Mahama’s administration didn’t make significant gains from the huge investments it made across the sectors. The main beneficiary of these investments is the Akufo-Addo government hence my disagreement with those who make hollow arguments about the Cedi and do illogical and unscientific comparison. The semi annual report on Petroleum holding fund and Ghana’s Petroleum funds showed that Ghana realised $ 191.32 million in revenue in the first half of 2017 compared to the $114.4 million the Mahama administration received in the same period the previous year. The Akufo-Addo government recorded a $463,569,38 in petroleum revenue in 2018. The petroleum holding fund received $372,511.72 in surface rentals from seven companies and $72,422,752.49 million for corporate tax and undistributed funds in the PHF earned interest of $757,855.51. Other revenue from surface rentals, corporate tax and interest income accounted for $73,553.72 being 16 percent of the total. The government estimated that oil revenue will reach Ghc 6.1 billion ($1.1 billion) in 2019. The 2019 second quarter collection stood at $363.73 million. Apart from the 2014 revenue which was $978.01 million, chunk of the revenue were recorded under current administration including the 2018 revenue which totalled $977.11 million. In 2016, we recorded $229.04 recorded as the lowest revenue collected. The Heritage fund also contributed $485 million and stabilisation fund contributed $381 million to the total investment return. An amount of $203 million has been withdrawn from the fund but the cedi is still shrugging. The government is entitled to oil royalties on gross production equivalent to 5% from the jubilee and TEN Fields and 7.5 percent from the SGN Field. This administration is enjoying all these sweet benefits yet cannot stabilise the Cedi and still telling the world that it inherited empty coffers. This administration is enjoying good commodity prices on the international market unlike the Mahama administration when the Cedi struggled significantly due to pressures of low commodity prices. With the rise in commodity prices under the current administration the Cedi started appreciating against the dollar but the administration’s bad economic policies, reckless expenditure and unfavourable economic policies stagnated the appreciation leading to the situation the Cedi finds itself. What at all in terms of infrastructure etc, is this administration implementing from the huge revenue it receives from oil and other commodities. What about the multi billion dollar equivalent of refined Ghanaian bauxite, a mineral crucial to aluminum production, in return for Chinese construction of infrastructure in Ghana announced by the administration. The deal, per what the Vice President told us, offers a loan and foreign currency free means of securing development investment. So why are we where we are? Mahama did not get all these opportunities, his investments and initiatives made Ghana attractive to nations and companies the current administration is dealing with.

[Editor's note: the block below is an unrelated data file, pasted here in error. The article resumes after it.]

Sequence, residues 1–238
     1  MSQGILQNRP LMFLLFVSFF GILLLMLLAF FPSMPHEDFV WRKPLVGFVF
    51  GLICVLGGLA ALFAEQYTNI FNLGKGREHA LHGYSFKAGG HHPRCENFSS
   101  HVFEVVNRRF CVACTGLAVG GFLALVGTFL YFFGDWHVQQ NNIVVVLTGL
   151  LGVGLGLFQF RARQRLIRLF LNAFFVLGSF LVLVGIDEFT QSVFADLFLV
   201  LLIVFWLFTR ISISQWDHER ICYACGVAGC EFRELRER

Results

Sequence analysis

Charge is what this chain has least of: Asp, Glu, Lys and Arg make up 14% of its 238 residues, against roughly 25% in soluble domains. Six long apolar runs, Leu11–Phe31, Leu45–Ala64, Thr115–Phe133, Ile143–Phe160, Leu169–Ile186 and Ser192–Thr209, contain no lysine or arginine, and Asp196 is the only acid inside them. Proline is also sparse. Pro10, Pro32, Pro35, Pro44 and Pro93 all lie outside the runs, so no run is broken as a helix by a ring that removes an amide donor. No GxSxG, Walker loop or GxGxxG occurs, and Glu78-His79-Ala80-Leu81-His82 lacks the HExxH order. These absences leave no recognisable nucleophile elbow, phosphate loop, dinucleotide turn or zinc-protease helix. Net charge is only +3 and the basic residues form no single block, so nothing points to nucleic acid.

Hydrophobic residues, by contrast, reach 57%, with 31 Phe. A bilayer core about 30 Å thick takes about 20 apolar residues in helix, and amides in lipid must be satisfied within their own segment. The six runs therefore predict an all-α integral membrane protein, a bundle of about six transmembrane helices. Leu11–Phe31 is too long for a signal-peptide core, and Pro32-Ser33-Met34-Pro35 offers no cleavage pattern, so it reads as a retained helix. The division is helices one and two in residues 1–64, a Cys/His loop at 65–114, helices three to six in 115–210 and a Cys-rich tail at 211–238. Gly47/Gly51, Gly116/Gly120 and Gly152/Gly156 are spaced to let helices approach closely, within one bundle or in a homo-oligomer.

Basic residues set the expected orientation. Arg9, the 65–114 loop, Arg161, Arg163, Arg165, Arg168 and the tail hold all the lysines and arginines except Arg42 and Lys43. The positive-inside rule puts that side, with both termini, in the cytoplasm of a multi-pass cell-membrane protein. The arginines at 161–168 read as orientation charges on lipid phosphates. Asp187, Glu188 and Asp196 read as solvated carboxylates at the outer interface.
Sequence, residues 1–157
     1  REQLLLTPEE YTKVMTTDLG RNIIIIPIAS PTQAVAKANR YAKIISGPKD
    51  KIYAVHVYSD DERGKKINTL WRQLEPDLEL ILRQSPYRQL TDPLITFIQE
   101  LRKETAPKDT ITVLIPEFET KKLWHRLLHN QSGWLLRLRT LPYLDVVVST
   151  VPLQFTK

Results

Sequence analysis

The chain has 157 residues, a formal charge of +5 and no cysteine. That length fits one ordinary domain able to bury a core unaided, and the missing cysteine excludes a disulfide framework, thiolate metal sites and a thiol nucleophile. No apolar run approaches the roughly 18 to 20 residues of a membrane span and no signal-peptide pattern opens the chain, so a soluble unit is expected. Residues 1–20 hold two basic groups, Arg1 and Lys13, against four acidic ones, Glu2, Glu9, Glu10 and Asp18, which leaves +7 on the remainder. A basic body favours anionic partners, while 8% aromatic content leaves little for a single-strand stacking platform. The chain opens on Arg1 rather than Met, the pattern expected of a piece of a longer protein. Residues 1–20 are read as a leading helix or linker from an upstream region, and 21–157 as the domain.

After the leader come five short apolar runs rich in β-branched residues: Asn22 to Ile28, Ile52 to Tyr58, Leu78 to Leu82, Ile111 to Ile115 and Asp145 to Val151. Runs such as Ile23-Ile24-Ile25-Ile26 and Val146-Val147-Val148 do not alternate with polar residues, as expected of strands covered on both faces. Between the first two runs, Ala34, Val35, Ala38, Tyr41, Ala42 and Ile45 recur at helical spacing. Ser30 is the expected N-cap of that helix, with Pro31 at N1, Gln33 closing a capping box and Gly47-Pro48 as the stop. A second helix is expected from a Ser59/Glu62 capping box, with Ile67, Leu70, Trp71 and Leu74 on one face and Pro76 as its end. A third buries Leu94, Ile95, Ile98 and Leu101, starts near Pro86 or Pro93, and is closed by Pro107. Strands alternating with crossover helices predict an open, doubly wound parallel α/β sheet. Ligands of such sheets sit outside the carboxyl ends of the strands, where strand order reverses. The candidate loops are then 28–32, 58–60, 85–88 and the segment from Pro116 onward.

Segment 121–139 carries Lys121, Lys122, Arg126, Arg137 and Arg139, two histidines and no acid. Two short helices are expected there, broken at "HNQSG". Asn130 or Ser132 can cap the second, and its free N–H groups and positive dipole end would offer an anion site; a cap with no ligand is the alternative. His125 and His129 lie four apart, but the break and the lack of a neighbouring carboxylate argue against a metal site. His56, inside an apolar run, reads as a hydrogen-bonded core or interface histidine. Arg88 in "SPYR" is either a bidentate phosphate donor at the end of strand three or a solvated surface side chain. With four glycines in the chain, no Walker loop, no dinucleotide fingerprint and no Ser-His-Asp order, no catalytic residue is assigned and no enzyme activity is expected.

So, Omanhene and O.B, I admire attempts by you to scrutinize issues on your show but spend a little time on issues or information forwarded to you to enable you expose the rots in such materials. Per his record and what we all witnessed during his time, I can confidently say if Mahama is allowed to manage the projects and investments he made his four years, our Cedi or Eco will join the world’s powerful currencies.